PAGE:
Hot Take: Eddie Redmayne’s transformation is surreal. Alicia Vikander shines. However, The Danish Girl is boring and panders toward a more mainstream audience by trading edginess for accessibility. It’s almost as if the writer and director are saying playing dress up can make someone want to change genders thanks to a very vague and underdeveloped back story.
Last year, Eddie Redmayne turned in an incredible performance as Stephen Hawking in The Theory of Everything. Because of Hawking’s condition, Redmayne had to spend a lot of energy telling the story through non-verbal communication, facial expressions and even eye movement. Director Tom Hooper must have loved what Redmayne did her because he was asked to do a lot more of this type of communication in The Danish Girl. Unfortunately, such painstaking effort was unnecessary since Redmayne’s Einar/Lili was not paralyzed and was able to speak without the help of a computer. Furthermore, the device was actually rather distracting and sometimes even annoying.
More painful was the lack of effort put into telling a compelling story as the film relied on the acting of Alicia Vikander and vignettes of Redmayne’s transformations as Einar became Lili. But why? And not that there needs to be a reason but even no reason would have been a good reason. Instead, The Danish Girl jumped into the deep end spending very little time proving the film’s subjects could even swim.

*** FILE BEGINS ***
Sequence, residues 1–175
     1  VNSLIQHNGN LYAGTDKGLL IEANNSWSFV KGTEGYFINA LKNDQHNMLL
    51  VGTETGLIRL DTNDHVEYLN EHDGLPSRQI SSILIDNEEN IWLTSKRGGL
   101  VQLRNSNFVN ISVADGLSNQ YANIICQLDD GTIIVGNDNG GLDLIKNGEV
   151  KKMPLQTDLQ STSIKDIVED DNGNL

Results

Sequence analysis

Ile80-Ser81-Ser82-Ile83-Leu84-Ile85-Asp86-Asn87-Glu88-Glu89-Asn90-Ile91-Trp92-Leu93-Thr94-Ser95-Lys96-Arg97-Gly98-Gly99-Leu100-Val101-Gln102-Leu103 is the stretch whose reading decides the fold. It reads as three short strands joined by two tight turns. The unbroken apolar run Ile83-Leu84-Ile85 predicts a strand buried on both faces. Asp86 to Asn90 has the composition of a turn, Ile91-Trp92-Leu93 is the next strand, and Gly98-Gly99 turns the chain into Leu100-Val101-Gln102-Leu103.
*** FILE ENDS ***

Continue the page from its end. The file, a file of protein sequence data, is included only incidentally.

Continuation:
In the end, The Danish Girl wastes two talented performers and a story that could have been told much more effectively… and should have been.
“Spoiler Free” Pros
- Impressive Imagery
The cityscapes are beautiful, the costumes are impeccable and the mood of the time period is captured through it’s images.
- Vikander and Redmayne’s Chemistry
The two play off each other so well, it’s even more maddening how little they were given to work with.
“Spoiler Free” Cons
- Oscar Bait
Every effort is made to make this story accessible and simplistic while still presenting a daring and important subject. That’s not always bad but, in this case, it’s goal is a little too transparent.
- Where’s the Heart?
There’s a lot of crying and affection in The Danish Girl. However, tears doesn’t really mean emotion and kissing doesn’t mean heart. Unfortunately, the film has very little of either. Looks can be deceiving.
- I’m Sorry But…
Isn’t the worst thing you could do when making a film about bold transgender transformation is be bland?